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The science we need to assess marine carbon dioxide removal

Various strategies for removing carbon dioxide from seawater and sequestering it for long periods of time have been proposed, each with its own considerations, complications, and potential durabilities. INFOGRAPHIC/Mary Heinrichs/AGU


As companies begin selling credits for marine carbon dioxide removal in largely unregulated marketplaces, scientists now say new standards must be developed for assessing the effectiveness of removal methods.

Several carbon removal methods are now being deployed on land, such as producing energy with biological material and capturing and storing the CO2 produced (i.e., bioenergy with carbon capture and storage), planting more trees, or drawing massive amounts of air through absorbent filters.

Scientists from AGU-Advancing Earth and Space Science say because the ocean covers 71% of Earth’s surface and, apart from the atmosphere, already serves as the largest net sink for anthropogenic CO2  emissions, various ocean-based, or marine, CO2 removal (mCDR) strategies are being proposed must meet the required standards and be transparent.

“The window to limit global warming to Paris Agreement targets by reducing greenhouse gas emissions alone is rapidly closing. According to the Intergovernmental Panel on Climate Change, to have a 50% chance of keeping warming below 1.5°C, the whole of society will need to limit all future carbon dioxide (CO2) emissions to less than a few hundred billion tons,” the scientists note.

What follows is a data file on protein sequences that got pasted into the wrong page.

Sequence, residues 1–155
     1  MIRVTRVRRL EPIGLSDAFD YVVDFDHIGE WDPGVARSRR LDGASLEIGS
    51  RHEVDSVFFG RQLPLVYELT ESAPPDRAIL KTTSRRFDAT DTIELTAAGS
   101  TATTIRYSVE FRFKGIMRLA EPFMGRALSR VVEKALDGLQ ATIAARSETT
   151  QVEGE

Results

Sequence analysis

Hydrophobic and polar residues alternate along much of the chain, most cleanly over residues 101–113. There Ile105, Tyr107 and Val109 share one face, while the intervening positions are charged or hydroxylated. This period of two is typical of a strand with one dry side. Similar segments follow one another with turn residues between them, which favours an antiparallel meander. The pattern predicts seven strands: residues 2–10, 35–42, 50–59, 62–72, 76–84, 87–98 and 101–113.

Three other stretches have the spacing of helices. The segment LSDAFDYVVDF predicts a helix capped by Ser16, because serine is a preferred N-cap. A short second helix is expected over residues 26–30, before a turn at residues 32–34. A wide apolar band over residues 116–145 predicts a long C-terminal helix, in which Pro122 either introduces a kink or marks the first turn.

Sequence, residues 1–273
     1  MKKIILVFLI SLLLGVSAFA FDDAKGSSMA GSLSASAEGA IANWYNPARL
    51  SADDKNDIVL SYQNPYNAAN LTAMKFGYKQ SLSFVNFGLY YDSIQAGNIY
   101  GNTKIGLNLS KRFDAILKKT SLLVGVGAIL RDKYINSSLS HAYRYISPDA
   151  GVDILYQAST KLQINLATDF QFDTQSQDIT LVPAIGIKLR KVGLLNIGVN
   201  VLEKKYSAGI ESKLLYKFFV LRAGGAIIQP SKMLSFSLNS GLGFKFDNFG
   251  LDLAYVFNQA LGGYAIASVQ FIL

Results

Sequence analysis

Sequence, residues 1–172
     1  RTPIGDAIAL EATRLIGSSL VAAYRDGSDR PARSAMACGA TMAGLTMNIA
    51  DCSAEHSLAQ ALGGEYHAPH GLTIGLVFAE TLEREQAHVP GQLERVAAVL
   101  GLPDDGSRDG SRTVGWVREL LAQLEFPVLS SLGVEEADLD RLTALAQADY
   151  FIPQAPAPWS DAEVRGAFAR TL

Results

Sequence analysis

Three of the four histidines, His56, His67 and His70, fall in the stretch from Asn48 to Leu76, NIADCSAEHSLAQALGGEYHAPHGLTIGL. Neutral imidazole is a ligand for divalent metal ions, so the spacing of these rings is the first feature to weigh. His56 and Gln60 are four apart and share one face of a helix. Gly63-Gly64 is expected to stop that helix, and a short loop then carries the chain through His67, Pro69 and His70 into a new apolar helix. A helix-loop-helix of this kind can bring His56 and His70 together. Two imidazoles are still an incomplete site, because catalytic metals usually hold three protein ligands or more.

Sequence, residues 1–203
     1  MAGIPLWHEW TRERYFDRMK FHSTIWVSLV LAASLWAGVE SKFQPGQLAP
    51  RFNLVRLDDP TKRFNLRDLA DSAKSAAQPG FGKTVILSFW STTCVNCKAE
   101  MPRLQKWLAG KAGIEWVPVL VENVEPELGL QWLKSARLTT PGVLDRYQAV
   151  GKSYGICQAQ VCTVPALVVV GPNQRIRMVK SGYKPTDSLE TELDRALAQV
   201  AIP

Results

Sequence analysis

The scientists who include Jaime B. PalterJessica CrossMatthew C. LongPatrick A. Rafter and Clare E. Reimers add that with global emissions of CO2 in 2021 totaling 36 billion tons, this limit implies a need to halve emissions within a decade, on our way to eliminating nearly all emissions by midcentury.

This is a formidable challenge that becomes harder to overcome with each passing month. Therefore, many scientists, policymakers, entrepreneurs, and others have begun grappling with the reality that staving off intergenerational harms of climate change—from increasingly intense heat waves to more severe droughts and floods to rising risks from wildfire and tropical cyclones—will also require removing legacy CO2 from the atmosphere.

Three categories of mCDR approaches—ocean iron fertilizationartificial upwelling, and seaweed cultivation—aim to stimulate primary productivity at the ocean’s surface with the expectation that some of the additional biomass produced will sink into and remain in the deep ocean.

They add in contrast, ocean alkalinity enhancement (OAE) involves intentionally dispersing alkaline materials such as lime on the ocean’s surface to shift the chemical equilibrium of the seawater carbon system and thereby increase uptake of atmospheric CO2. Still another approach proposes to remove CO2 directly from seawater through electrochemical reactions and then store it underground.

“Commercial, philanthropic, and government resources are increasingly being directed toward the development of these mCDR strategies, with several pilot deployments planned. But how effective might these pathways be at increasing ocean carbon uptake?” they ask.

Key to any carbon dioxide removal (CDR) method is that it must durably store billions of tons of CO2 in places where it cannot easily return to the atmosphere. Quantifying the effectiveness and durability of these processes in the ocean requires robust science for monitoring, reporting, and verification.

For a detailed analysis of this issue, read here.


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